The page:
A Visit with the Memphis Storyteller's League



There's nothing that pleases me more than finding unique art in unexpected places. That's exactly what happened last week when I attended a lunch meeting of The Memphis Storytellers' League which has been active in the Bluff City for more than 80-years. It was originally conceived as an all female club for the Memphis elite but has become more egalitarian over the years. The storytellers meet once a month with one purpose only: to read three short stories aloud.

By describing the storytellers' readings as "unique art" I don't mean to imply that the league is carrying on some extraordinary literary tradition. In fact there's no trace of snobbishness at an STL meeting. The writing certainly isn't what one might call ambitious. The tales— original autobiographical creations and popular favorites alike— are submitted simply because they brought pleasure to someone in the club. And so the group's extensive archive functions as a kind of secret, sentimental history of Memphis, passed down from one generation to the next.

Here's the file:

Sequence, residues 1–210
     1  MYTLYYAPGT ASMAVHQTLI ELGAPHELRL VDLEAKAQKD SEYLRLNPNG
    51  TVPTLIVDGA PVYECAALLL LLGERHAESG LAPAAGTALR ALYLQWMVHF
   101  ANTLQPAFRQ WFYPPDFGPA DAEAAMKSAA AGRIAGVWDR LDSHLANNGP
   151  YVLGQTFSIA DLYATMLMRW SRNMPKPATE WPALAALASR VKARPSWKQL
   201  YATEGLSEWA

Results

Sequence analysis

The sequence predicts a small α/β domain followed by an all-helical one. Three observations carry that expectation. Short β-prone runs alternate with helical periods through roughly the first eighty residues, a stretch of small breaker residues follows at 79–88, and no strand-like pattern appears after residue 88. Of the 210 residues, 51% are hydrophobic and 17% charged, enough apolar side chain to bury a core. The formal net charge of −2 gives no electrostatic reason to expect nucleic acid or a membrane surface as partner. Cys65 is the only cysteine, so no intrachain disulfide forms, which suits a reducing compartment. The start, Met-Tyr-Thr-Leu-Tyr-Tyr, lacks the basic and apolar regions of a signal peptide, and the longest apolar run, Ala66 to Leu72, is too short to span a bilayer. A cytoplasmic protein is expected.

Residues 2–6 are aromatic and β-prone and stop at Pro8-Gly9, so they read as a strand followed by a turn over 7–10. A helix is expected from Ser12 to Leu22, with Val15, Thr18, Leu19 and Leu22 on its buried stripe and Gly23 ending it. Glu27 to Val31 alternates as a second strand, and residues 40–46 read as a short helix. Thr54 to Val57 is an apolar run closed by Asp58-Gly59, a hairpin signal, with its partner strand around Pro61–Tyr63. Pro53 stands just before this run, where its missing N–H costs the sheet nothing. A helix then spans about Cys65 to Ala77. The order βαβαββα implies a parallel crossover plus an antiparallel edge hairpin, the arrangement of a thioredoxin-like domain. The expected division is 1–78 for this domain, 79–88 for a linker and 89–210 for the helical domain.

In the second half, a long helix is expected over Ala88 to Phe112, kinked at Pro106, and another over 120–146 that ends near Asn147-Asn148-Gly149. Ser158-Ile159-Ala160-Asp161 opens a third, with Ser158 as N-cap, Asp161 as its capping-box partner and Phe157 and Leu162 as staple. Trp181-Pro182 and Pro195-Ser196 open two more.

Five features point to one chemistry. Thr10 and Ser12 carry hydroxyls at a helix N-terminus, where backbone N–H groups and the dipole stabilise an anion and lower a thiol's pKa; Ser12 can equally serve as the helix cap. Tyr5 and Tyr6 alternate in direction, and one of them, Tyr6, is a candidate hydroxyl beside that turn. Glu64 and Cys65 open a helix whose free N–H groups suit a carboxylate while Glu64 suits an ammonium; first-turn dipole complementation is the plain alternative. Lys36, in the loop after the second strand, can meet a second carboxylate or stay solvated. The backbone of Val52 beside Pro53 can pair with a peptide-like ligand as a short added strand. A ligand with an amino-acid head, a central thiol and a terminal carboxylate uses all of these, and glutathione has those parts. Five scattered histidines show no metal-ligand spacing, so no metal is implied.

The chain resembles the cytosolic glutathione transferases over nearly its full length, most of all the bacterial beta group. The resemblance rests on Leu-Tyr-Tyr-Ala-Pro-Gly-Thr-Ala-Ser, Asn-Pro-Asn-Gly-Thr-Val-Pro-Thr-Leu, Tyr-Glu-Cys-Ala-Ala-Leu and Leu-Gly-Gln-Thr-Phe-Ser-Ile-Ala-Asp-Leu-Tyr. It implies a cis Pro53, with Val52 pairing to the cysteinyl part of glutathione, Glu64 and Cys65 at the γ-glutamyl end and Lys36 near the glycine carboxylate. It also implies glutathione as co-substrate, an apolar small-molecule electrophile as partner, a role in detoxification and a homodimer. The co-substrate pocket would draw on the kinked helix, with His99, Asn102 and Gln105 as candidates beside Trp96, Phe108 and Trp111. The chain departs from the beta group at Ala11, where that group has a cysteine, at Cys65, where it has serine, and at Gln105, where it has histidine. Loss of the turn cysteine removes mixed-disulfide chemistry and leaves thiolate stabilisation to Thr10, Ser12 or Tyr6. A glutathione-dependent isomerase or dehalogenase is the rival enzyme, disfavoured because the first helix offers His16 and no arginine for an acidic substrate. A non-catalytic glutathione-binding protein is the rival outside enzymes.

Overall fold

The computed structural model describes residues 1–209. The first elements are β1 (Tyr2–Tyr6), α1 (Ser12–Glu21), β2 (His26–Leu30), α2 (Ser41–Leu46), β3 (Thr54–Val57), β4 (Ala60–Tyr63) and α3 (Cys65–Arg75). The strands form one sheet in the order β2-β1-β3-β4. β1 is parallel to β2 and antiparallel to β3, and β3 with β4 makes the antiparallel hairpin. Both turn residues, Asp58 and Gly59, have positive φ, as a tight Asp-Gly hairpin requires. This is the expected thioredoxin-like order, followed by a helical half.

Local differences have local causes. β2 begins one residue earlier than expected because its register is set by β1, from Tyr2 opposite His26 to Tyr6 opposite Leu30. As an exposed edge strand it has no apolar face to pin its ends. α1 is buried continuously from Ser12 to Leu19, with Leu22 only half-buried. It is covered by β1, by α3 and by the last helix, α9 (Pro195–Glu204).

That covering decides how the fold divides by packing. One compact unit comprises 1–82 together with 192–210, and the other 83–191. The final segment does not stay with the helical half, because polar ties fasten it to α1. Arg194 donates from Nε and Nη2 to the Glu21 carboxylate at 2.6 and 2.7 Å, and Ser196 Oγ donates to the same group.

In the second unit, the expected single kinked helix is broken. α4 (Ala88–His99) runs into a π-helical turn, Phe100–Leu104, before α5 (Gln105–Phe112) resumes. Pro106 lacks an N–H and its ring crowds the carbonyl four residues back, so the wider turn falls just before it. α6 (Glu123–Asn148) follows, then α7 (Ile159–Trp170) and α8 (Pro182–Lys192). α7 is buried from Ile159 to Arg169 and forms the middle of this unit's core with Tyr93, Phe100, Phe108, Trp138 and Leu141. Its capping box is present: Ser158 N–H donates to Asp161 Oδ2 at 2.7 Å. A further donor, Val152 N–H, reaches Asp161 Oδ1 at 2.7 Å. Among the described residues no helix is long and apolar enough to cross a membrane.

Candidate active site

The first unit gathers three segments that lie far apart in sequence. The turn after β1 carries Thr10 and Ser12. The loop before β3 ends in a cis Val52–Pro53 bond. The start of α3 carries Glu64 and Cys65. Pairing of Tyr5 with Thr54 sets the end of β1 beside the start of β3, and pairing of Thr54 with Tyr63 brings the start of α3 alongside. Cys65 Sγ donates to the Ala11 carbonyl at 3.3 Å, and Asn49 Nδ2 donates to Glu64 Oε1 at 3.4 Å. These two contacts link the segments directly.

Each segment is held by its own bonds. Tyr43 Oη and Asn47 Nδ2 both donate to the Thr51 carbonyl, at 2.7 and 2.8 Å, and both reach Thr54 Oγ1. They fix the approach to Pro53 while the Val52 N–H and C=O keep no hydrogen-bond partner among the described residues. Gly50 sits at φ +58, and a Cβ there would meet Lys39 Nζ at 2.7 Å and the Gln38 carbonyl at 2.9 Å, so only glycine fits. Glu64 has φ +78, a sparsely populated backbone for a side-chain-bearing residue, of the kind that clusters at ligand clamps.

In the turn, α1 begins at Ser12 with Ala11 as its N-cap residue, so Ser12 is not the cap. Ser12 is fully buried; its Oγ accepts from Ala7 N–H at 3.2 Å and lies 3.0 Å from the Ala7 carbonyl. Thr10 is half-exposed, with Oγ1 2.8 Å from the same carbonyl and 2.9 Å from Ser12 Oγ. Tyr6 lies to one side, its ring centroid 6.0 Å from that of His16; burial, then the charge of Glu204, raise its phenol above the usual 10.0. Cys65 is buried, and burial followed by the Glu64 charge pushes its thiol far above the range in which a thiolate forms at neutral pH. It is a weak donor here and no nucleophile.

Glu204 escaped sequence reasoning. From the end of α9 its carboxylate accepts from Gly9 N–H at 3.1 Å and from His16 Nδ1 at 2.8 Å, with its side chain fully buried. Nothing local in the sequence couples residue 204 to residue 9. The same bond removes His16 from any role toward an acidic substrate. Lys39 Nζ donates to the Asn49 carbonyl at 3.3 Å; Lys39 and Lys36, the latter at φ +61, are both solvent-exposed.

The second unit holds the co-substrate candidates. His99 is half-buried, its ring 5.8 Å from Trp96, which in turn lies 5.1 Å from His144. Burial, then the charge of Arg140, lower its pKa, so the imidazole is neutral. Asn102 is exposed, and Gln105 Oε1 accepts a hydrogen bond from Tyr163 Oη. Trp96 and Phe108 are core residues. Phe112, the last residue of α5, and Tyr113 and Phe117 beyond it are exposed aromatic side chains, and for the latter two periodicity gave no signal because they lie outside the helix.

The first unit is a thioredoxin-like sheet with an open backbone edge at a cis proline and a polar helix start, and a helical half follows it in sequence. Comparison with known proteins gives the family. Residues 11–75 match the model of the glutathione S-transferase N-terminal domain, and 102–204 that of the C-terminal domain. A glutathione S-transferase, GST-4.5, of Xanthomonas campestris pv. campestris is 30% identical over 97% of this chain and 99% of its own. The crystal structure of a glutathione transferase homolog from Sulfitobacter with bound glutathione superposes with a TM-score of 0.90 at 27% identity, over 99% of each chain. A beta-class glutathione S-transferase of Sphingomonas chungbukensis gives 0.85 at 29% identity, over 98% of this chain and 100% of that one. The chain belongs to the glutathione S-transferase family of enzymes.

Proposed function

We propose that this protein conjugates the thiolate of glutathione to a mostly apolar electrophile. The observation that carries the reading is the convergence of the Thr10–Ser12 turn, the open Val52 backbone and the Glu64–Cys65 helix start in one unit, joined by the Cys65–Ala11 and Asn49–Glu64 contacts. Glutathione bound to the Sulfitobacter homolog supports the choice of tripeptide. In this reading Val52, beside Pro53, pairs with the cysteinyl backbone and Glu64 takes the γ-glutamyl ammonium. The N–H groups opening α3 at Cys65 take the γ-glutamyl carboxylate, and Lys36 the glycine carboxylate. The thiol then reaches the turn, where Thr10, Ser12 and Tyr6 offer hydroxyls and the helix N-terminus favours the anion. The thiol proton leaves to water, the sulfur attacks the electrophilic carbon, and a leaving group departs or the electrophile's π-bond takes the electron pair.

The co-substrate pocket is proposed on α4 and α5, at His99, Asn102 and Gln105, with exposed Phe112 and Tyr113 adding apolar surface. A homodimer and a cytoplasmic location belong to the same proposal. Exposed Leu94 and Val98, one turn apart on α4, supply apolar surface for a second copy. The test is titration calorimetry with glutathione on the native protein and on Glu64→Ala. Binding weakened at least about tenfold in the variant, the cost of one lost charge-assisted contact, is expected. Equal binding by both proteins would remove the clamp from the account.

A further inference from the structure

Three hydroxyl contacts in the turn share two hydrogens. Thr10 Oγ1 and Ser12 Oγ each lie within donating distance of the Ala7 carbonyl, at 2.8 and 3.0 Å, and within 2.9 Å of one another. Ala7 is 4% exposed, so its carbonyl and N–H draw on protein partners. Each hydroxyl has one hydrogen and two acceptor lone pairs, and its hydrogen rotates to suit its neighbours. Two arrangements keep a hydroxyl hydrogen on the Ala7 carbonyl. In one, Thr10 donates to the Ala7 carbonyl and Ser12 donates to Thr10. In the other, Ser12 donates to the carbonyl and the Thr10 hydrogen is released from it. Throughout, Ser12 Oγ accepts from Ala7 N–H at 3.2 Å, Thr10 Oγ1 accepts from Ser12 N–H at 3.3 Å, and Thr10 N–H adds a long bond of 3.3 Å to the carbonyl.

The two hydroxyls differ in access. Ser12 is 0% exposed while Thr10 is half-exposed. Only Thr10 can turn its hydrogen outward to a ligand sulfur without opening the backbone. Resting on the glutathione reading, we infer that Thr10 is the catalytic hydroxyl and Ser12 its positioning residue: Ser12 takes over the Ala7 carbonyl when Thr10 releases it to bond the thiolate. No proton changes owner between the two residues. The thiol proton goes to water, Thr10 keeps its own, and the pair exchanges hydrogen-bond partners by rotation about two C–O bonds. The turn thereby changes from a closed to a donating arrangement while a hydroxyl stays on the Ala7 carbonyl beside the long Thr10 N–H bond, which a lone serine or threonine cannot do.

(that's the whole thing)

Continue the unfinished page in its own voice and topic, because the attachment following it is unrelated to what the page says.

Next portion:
To attend a meeting of the Memphis Storytellers' League is to step back in time to a quaint world where ladies wear fancy hats and everyone is uncommonly civil. The unadorned performances are a charming, unpretentious example of what we talk about when we talk about the relationship between art and community. Whether you're interested in sweet stories about Easter bonnets or not, there's an awful lot of emotional history collected here.

Click on to see a short video from the Storytellers' lunch at Jim's Place.


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